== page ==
Picasa/Mac/TimeCapsule User: easy way to batch upload RAW photos to Google Docs?

Discussion in 'Digital Photography' started by ghileman, Jan 16, 2011.

  1. ghileman macrumors regular

    Joined:
    Feb 4, 2008
    #1
    I use Picasa on my mac and I'm beginning to run out of hard drive space, primarily due to my large RAW photo collection. Unfortunately Picasa web albums don't alway you to sync the RAW files, but instead convert and sync a lower quality .jpg file.

    I have my RAW photos backed up on my Apple Time Capsule, but I already had one Time Capsule hard drive fail on me so I don't trust keeping my photos and videos just there.

    I'm already paying for 80GB of Google space so backing up here would make sense. However, it looks like kind of a pain as I would have to go into each individual folder and load the individual files up in a step by step process. In addition to this being tedious, I would lose the file format organization structure on my Mac hard drive.

    Here are my questions:

    1) Is there a quick way to upload folders of photos to Google Docs so that this organization structure is maintained?

    2) If not, is there a quick way to merge all my photo folders into one giant folder so that I can upload everything to Google Docs with a quick highlight all and one upload click?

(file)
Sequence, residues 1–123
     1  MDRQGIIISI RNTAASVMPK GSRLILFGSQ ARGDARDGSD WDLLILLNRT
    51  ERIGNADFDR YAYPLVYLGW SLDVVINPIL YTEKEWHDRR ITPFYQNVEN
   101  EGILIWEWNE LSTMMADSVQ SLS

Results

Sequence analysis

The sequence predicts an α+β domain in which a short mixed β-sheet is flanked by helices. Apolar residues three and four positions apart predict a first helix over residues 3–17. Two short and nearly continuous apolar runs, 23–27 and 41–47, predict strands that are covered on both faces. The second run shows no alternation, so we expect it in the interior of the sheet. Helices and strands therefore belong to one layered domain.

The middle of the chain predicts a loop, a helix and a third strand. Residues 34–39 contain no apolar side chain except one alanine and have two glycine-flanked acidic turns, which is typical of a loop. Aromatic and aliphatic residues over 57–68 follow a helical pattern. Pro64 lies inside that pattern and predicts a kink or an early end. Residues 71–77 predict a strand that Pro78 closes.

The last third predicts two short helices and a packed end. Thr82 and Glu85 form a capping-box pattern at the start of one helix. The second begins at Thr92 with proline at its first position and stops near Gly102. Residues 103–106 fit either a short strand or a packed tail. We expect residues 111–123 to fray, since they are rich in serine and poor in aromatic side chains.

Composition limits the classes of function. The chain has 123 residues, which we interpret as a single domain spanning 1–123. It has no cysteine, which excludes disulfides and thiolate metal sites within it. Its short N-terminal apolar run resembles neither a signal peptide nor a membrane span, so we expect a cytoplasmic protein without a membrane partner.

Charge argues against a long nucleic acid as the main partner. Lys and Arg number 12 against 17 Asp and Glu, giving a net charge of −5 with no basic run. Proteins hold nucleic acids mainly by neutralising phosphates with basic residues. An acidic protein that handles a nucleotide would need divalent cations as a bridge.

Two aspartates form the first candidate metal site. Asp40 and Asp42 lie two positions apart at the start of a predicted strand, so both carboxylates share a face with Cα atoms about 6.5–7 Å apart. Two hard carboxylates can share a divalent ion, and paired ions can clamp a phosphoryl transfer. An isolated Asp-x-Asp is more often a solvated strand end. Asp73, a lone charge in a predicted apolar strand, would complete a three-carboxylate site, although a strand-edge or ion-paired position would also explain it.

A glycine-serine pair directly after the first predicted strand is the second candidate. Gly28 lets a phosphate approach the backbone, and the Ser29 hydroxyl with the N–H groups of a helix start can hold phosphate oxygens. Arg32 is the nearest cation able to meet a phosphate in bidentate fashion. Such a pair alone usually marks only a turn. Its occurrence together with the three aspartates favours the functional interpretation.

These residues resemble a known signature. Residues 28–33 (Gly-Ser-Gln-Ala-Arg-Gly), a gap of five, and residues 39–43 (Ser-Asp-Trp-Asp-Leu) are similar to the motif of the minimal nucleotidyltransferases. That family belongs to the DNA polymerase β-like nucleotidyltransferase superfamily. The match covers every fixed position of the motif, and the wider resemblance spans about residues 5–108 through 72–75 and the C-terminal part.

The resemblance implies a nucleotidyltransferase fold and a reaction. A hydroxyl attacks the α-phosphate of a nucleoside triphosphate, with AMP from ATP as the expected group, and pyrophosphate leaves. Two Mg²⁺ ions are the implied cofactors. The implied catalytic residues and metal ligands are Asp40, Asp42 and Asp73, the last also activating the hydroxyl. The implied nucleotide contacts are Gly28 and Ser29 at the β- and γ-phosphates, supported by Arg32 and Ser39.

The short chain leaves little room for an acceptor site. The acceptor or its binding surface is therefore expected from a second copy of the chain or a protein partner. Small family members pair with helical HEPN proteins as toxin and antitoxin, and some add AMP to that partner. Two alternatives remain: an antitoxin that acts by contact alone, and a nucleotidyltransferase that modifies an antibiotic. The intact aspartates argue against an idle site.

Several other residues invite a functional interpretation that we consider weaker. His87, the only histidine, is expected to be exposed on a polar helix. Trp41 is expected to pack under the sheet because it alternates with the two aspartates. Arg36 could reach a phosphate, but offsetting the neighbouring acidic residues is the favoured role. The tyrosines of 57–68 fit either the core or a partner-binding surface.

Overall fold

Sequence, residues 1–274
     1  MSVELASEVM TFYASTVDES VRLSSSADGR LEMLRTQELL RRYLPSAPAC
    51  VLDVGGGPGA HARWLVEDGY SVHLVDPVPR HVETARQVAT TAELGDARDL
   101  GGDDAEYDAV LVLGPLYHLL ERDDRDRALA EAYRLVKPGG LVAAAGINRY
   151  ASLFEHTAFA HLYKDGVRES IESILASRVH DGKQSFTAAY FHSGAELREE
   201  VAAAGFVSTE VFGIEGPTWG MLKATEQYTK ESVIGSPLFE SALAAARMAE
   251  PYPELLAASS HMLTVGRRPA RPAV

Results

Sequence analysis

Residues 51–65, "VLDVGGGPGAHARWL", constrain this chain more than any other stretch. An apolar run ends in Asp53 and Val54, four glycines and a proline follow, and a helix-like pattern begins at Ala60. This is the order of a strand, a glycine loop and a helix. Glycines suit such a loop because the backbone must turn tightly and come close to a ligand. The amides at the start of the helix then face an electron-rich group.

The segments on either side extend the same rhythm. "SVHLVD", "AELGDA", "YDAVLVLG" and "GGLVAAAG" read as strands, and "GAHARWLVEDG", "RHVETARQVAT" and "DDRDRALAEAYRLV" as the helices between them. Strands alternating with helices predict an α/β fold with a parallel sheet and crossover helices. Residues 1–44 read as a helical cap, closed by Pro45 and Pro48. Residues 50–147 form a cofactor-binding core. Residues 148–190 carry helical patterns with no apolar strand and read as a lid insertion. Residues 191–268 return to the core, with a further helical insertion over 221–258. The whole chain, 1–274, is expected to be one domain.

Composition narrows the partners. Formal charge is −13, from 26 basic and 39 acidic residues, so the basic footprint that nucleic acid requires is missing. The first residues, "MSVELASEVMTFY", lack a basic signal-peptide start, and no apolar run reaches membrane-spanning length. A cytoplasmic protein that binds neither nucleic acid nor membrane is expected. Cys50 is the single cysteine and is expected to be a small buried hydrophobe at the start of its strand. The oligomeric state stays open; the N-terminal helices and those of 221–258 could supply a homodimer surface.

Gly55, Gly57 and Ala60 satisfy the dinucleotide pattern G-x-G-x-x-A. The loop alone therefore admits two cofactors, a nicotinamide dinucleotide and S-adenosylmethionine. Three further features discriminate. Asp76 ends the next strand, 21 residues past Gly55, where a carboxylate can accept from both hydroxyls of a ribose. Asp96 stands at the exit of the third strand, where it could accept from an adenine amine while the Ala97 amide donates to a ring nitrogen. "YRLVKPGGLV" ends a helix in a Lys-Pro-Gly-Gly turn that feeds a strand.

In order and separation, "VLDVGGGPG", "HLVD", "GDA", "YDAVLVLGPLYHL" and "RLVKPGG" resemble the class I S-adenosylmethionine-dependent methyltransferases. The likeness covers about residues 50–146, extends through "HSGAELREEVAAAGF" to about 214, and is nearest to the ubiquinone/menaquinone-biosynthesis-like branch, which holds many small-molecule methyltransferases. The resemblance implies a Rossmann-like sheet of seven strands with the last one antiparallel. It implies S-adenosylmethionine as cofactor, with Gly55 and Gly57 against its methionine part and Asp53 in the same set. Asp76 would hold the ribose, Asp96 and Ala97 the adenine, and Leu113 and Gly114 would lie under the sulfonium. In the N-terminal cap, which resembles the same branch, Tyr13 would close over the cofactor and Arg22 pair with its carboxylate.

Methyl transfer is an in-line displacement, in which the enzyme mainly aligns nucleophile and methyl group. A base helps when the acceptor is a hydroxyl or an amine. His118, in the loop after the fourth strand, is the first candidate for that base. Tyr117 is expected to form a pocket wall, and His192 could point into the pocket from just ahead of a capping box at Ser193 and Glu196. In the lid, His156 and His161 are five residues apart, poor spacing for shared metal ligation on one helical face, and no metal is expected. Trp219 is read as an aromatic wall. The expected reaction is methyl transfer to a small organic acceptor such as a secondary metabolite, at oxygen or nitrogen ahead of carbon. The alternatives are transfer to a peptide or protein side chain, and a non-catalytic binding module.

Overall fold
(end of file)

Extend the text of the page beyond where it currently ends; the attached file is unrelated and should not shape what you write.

3) Am I better off signing up with another storage option for my raw photos and reducing my google storage account? I'm a student on a budget so cost is an issue.

    Also, the other thing I am hoping to do is to actually remove all my photos from my mac hard drive, to keep the space available, and keep all my photos in just two locations: 1) time capsule; 2) online.

    I already received the following suggestion, which would be tedious and would cause me to lose my file folder organization. But is this the only way?

    "Put them all into one folder, right-click on it, and tell it to archive the folder. Voila, you now have a single compressed .zip file that you can upload to Google's webspace. They won't be available individually, but they'll be backed up. Access your Time Capsule for individual photos and upload a new zipped file to the webspace now and then."

    Thank you for your help and ideas!
     
  2. Designer Dale macrumors 68040